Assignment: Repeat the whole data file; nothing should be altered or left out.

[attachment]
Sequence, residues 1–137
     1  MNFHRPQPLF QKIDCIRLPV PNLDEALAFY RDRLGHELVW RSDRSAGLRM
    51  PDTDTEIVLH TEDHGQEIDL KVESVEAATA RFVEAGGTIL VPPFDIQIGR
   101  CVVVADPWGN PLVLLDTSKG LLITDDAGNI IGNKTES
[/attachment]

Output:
Sequence, residues 1–137
     1  MNFHRPQPLF QKIDCIRLPV PNLDEALAFY RDRLGHELVW RSDRSAGLRM
    51  PDTDTEIVLH TEDHGQEIDL KVESVEAATA RFVEAGGTIL VPPFDIQIGR
   101  CVVVADPWGN PLVLLDTSKG LLITDDAGNI IGNKTES